His 2-hectare farm, Miravalle, is constantly growing with new trees to experiment with different varietals. Humberto has worked with Pergamino’s allied producer program for the past four years, and his hard work has helped the quality and yield of his farm grow to its size today. With the high altitudes and delicate precipitation, Miravalle has the ideal climate for high quality coffee.
After Humberto picks the evenly ripened coffee cherries, they undergo the washed processing method. First, the exterior pulp is removed and the remaining coffee seeds ferment without water to initiate the breakdown of the remaining exterior mucilage. This fermentation step lasts for 48 hours before being moved to raised beds to dry in the open sun under plastic. Once the ideal moisture content is reached, the coffee is transported to the dry mill, hulled, and prepared for export.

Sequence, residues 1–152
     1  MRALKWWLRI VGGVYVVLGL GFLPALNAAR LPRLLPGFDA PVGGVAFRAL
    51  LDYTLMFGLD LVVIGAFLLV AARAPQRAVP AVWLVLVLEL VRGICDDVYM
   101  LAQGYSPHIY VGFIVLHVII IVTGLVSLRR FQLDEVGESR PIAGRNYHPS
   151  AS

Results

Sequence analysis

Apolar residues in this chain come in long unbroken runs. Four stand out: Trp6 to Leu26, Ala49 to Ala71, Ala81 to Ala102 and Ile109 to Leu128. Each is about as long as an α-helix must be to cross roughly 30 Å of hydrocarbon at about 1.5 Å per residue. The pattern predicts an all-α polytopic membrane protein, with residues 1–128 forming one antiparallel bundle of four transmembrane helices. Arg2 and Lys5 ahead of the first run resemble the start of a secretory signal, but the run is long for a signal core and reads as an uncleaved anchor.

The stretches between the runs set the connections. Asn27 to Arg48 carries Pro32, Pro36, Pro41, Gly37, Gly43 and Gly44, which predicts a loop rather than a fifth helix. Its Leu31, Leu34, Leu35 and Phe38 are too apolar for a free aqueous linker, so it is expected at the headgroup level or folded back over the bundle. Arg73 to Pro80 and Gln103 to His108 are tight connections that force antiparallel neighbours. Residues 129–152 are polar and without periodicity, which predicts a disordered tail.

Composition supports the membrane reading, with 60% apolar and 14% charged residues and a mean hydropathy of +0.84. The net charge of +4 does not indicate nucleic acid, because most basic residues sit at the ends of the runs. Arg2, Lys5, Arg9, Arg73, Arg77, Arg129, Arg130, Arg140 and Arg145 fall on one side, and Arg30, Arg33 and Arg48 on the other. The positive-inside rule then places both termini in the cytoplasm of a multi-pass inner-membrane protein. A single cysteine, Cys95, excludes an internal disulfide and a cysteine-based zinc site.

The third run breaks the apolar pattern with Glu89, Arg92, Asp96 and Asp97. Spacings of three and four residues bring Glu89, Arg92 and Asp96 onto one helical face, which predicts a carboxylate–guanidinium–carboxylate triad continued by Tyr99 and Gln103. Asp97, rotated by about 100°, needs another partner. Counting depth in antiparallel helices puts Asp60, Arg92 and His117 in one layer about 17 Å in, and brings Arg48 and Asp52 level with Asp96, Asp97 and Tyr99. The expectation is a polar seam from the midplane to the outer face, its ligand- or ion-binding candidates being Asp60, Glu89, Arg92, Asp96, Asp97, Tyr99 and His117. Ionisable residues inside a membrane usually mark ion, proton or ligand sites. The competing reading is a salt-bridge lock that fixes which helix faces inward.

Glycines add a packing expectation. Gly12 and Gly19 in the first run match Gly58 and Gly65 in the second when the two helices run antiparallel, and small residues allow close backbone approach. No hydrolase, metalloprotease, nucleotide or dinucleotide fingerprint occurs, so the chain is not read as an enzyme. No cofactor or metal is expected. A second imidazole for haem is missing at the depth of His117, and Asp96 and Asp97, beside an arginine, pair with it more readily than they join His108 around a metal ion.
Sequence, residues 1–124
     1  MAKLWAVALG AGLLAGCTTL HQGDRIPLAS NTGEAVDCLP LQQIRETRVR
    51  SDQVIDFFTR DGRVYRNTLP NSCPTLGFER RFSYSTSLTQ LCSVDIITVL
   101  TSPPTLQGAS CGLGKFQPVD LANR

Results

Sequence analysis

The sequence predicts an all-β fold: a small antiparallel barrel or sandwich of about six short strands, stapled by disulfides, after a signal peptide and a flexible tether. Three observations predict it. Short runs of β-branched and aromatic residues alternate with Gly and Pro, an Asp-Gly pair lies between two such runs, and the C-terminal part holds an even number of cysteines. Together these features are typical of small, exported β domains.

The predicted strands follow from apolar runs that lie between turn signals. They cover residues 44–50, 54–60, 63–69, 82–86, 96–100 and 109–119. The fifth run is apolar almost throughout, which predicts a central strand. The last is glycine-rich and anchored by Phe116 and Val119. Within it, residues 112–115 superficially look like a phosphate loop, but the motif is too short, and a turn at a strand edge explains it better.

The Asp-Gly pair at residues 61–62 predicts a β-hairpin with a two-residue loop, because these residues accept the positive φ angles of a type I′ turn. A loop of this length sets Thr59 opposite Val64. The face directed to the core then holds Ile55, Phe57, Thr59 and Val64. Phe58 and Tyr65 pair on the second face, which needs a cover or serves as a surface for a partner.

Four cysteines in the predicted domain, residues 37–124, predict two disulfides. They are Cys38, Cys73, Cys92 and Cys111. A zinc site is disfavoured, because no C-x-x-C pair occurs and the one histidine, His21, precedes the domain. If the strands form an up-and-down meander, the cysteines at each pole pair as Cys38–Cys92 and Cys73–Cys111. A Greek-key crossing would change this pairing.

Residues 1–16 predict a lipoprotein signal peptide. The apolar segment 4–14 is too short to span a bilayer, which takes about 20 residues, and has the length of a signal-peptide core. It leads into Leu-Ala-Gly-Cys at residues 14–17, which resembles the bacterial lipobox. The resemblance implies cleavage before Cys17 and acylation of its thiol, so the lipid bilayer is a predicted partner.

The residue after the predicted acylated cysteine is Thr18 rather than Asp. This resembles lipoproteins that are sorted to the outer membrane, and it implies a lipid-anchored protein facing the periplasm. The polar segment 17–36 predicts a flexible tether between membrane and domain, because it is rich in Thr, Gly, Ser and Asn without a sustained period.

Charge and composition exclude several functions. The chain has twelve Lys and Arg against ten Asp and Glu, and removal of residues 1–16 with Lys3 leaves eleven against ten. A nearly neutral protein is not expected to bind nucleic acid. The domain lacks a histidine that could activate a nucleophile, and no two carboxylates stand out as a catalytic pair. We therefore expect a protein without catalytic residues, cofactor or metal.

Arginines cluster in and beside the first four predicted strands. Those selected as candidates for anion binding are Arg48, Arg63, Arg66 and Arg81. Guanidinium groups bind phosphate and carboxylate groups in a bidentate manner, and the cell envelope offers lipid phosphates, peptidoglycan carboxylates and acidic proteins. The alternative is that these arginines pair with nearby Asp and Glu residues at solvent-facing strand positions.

Colombia is the third largest coffee-producing country in the world, and thanks to its vast array of unique microclimate, are able to have harvests throughout the year.
Commercial coffee cultivation began in the mid-1830s and spread so rapidly that throughout the twentieth century coffee already became the country’s leading export. A mountainous topography and many tropical micro-climates contribute greatly to Colombia’s reputation for ideal growing conditions, which – in turn – have helped Colombia establish itself as a recognisable origin around the world.
The diversity of coffee and profiles found across Colombia is enormous and coffee is harvested practically year-round depending on the region. The main harvest takes place from October to February with November and December being the peak months. There is also a second fly (or ‘mitaca’) crop several months later, again varying by region and microclimate.